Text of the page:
• Here’s the Story

    I wrote a book called The Forest for the Trees and it’s an advice book for writers. For four years, I blogged every day about the agony of writing and publishing, and the self loathing that afflicts most writers. A community of like-minded malcontents gathered and thus ensued a grand conversation. Now, the most popular posts are gathered in Greatest Hits ( a work in progress) Gluttons for punishment can scroll through the archives. If I've learned one thing about writers, it's this: we really are all alone. Love, Betsy
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Baby You’re Everything I Ever Dreamed Of

I swore I would never do it and last night in a bout of horrible insomnia I did it: I wrapped my arms around Mark Zuckerberg and smoked a cigarette with Sheryl Sandberg or Andy Samburg or James Franco between selfies and here I am the four billionth person to sign up for Facebook. The four billionth hamburger. The other day I compared an elderly woman’s eyebrows to the golden arches and really patted myself on the back for that one. Do you still write poetry? NO. Are you on Twitter? YES. Instagram? YES. Do you have a blog? You’re reading it. Where did you go to high school? Technically? Where did you go to college? What stairwell in which dorm did you write a poem about death? Can I friend my puppy? Can I friend all the men who failed to worship me? Can you love others before you love yourself? Easily. Can you  friend the dead?

How much time do you waste on FB instead of writing?

26 Responses

  1. Tech is now a character in our lives and in our writing…the type of character is constantly being revealed.

  2. e-mails and fb take up way too much time..i get up in the morning prepared to write but first check my horoscope and emails and fb then play free cell and then it is time to take my dog for a walk and I have lost my writing incentive…I think it is procrastination. I am trying to quit this addiction, for it is an addiction …help Betsy!

  3. Oh, no. I went to a few AA meetings with a friend about a year or so ago. I have had one drink in the last 20 years, so booze isn’t my current problem. After the second or third meeting, I said “Hi, my name is [legal name] and I’m addicted to Facebook.” They all laughed at me, but it’s no joke. If you drive drunk and go to prison, you can write a book while you repent. But you can fritter your whole life away on Facebook and never even realize what you’ve lost. Or realize it and keep on frittering, seemingly powerless to stop. I’m never creatively blocked on Facebook (I’m only blocked by those who don’t like my opinions), and I always have readers. It’s instant gratification, an instant numbing of anxiety, which is death to any artist.

    • Yes, I realize how pathetic that makes me sound, but have you looked up my FB profile yet, Betsy?

    • Yes! It is the instant gratification that kills. Death. And lately I’ve been into chatting. Oh god, it’s worse than that. I have a small bit in a big book and while I got my two hundred bucks already and don’t get a cent in royalties so have no personal stake in promoting this book, I’m all in believe of the topic, the mission of the book. So not only FB, which I have used like nuts, but welcome to the world of Google Plus circles and groups and LinkedIn (activated that account again), and if you tell me about something else I’ll do that too. No instagram. I think I opened a Pinterest account but don’t know how to use it. Plus a new blog and lots of emails with book people and other people and the constituency related to the book topic, so my aol inbox has a jillion notifications about TBI’s and PTSD and veterans and, oh, I have Parkinson’s now so get notifications from FB pages about that. And what else? God knows. Relatives. Old friends who just discovered me again. And then my justice passion which I’ve switched into high gear.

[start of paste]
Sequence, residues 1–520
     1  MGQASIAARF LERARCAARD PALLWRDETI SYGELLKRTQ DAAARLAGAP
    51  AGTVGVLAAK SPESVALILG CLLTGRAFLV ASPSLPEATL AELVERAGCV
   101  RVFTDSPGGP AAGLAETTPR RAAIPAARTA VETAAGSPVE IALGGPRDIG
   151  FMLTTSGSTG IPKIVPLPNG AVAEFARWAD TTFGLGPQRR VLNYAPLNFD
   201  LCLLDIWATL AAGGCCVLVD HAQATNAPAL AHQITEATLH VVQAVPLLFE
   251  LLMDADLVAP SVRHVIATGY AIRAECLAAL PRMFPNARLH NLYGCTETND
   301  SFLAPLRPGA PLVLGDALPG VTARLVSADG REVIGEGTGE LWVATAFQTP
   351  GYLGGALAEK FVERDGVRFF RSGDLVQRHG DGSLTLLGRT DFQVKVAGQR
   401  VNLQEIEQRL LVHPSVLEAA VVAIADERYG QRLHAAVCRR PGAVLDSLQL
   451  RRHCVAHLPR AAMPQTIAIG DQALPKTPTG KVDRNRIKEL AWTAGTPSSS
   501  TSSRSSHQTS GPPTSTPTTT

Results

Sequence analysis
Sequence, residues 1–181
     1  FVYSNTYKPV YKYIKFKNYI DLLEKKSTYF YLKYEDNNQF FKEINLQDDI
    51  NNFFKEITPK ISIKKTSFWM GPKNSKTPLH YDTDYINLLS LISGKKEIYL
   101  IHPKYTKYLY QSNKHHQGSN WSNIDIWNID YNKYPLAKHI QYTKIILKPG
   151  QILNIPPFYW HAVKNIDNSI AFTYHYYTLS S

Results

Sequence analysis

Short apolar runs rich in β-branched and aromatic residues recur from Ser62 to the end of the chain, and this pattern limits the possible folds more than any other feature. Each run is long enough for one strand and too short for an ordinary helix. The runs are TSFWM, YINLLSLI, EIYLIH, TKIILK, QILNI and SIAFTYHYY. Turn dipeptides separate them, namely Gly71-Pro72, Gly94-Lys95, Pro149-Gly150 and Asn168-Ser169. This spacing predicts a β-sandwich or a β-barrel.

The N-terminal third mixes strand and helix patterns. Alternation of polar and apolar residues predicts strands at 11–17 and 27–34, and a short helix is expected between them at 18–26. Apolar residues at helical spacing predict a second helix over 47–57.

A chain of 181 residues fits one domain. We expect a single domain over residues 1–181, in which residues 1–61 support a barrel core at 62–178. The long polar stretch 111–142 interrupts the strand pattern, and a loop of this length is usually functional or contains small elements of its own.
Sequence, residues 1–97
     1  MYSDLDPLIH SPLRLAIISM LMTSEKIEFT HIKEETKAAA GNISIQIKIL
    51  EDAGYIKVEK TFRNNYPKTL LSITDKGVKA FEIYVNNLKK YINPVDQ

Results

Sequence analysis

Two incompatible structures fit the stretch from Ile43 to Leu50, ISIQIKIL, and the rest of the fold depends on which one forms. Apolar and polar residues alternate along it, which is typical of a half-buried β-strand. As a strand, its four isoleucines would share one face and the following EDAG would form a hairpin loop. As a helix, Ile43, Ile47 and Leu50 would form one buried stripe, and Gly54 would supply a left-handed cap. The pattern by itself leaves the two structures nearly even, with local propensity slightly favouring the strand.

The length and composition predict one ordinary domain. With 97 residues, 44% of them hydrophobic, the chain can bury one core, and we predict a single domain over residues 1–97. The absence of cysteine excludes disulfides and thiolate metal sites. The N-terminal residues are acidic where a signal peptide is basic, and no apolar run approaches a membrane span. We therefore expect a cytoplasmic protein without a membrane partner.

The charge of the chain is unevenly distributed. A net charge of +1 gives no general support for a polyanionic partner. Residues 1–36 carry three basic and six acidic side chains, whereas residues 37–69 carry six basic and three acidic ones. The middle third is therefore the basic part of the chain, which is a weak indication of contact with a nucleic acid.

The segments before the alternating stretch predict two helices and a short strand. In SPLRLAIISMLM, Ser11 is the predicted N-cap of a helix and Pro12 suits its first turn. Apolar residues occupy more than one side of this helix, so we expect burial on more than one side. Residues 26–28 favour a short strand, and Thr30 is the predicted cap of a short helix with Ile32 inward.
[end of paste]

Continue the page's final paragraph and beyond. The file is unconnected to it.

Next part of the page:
For somebody who has written, because of my brain injury, “Not only do I not multi-task, I don’t even task,” this is out of control. Can I stop now?

      And trying to write on the novel. Ha! And friends visiting from out of town!

      Can I stop now?

      • It’s not Facebook, it’s us. Self-control, discipline, all that. At least you’re using Facebook to your work. For me, it’s the main tool of avoidance.

      • *to promote your work. (See? At least Facebook let you edit your comments.)

  4. As long as you still refer to it as Assbook, you (and we) will be fine.

    Late last year, when my first piece was about to come out, I decided to do it – but as Me the Writer i.e. with pen name, just to have another way to push my shit out to the few people who ‘do’ FB and might want to read it. I still hate it in part because I don’t get it. I took a picture of the ‘helpful’ search bar options that once came up: Friends of my friends who live nearby who like (Me); Friends of friends of my friends who like (Me), Friends of my friends’ friends who like (Me)… Hilarious and horrible.

    Also, it’s a major issue to have a first ‘name’ of initials, when you actually want the second one capitalized. To protect the People from haters hiding behind initials, I guess. So I just post the occasional pub link on the (small business – a detail of registration) page I created, scratch my head over the nuances around like/friend/follow etc., and – forgive me – save one-on-one conversations for one-on-one media and practices. I’m there but not really.

    I am more positive about Twitter, actually, though still only dabble. Love that editor’s challenge of 140.

    Don’t beat yourself up too much. My advice would be to allow yourself one 10-hour marathon and then set the timer from here on out :)

  5. One kid said, Mom, “you gotta be on FB”.
    The other kid said, “…don’t you dare.”
    Since the first one was my favorite that day, (a couple of years ago), I went on.
    The dance between me, what I wanted to post, and friends, what I wanted to read, was pretty interesting; now, not so much. It’s changed or maybe I have. I am less than satisfied with what it has become.
    The honeymoon is over, the thrill is gone. The passion has morphed into a kind of uncomfortable comfortable. (No, I’m not talking about my marriage.)
    Now…if I could break the time-sucking habit of reading and posting on blogs such as this, I’d be okay.

  6. No Assbook, Facebook, Twitter, Instagram, blog, or website for me. Surfing, mainly for research, and emails, for sure. Lola, on the other hand, has found and stayed in touch with friends there, and I have passed a message or two through her. Good on all that.

    My take is that unless we reside on different planets- a distinct possibility here- we all have roughly the same number of hours in each day. When I say “I didn’t have time.”, I’m not being completely honest; I should have said “I made other choices.”.